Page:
Honesty. It really is the best policy. Integrity and honesty are important in the home, important on the job, and are certainly important in the ministry. However, that is not always practiced as the case. Most of the time the problem is not a case of outright lying as it is a case of withholding information. This is especially true as it relates to the issue of Soteriology. I believe that a potential pastoral candidate should be open and up front with the pastor search committee and the congregation as to whether he is a Calvinist or a Traditionalist, in the realm of Soteriology. I have had good friends express a desire to recommend me to a particular church and once I find out that the church is not a good fit for me (which may be in worship style or the church might be a Calvinist/Reformed church) I decline their offer to be recommended. Continue reading
Calvinism’s decretal theology and commitment to compatibilism create a host of conundrums that result in Calvinists’ frequent visits to the storehouse of mysteries. One of which is the idea that even though God has unconditionally elected only some to have any meaningful opportunity to experience the forgiveness of salvation, we are to have hope for all and offer salvational hope to all. This is to be done without ever divulging that such hope only exists in the theoretical cauldron of unconditional election and reprobation for which there is not one whit of concern that the so elect will perish nor hope that the reprobate will not. Continue reading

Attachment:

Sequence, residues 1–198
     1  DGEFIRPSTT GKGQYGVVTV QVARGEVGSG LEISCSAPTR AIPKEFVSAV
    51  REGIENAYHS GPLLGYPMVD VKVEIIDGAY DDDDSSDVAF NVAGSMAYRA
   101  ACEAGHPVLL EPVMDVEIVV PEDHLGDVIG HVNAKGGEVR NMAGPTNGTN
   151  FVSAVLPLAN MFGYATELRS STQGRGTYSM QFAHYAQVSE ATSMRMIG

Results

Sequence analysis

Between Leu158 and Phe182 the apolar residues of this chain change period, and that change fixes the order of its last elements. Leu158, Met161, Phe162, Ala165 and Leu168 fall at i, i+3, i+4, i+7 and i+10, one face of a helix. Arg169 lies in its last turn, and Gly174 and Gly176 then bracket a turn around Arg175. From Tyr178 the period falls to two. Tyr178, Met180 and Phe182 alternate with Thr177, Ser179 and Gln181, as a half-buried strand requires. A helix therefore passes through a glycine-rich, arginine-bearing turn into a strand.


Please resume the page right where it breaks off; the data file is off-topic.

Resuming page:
In the eighth round of a famous boxing match in 1980, Sugar Ray Leonard was getting the best of Roberto Duran, when Duran turned away from Leonard, waving in surrender, at which point the referee said, “No mas,” which is Spanish for “No more,” thereby ending the match. Whatever else one might think of Roberto Duran, there is something to be said for possessing the self-awareness to know when one has had enough.
Although Duran’s “No mas” was a sign of surrender, Southern Baptists must learn to say “No mas” as an expression of firm resistance, opposing the election of additional Calvinist leadership over the next several years as we experience vacancies within our eleven entities. Recently, such leaders have typically possessed exceptionally strong theological, philosophical and personal ties to Al Mohler, President of the Southern Baptist Theological Seminary in Louisville, Kentucky. A proactive effort by trustees to install Soteriological Traditionalists would serve to counter-balance this disproportionately Calvinistic influence.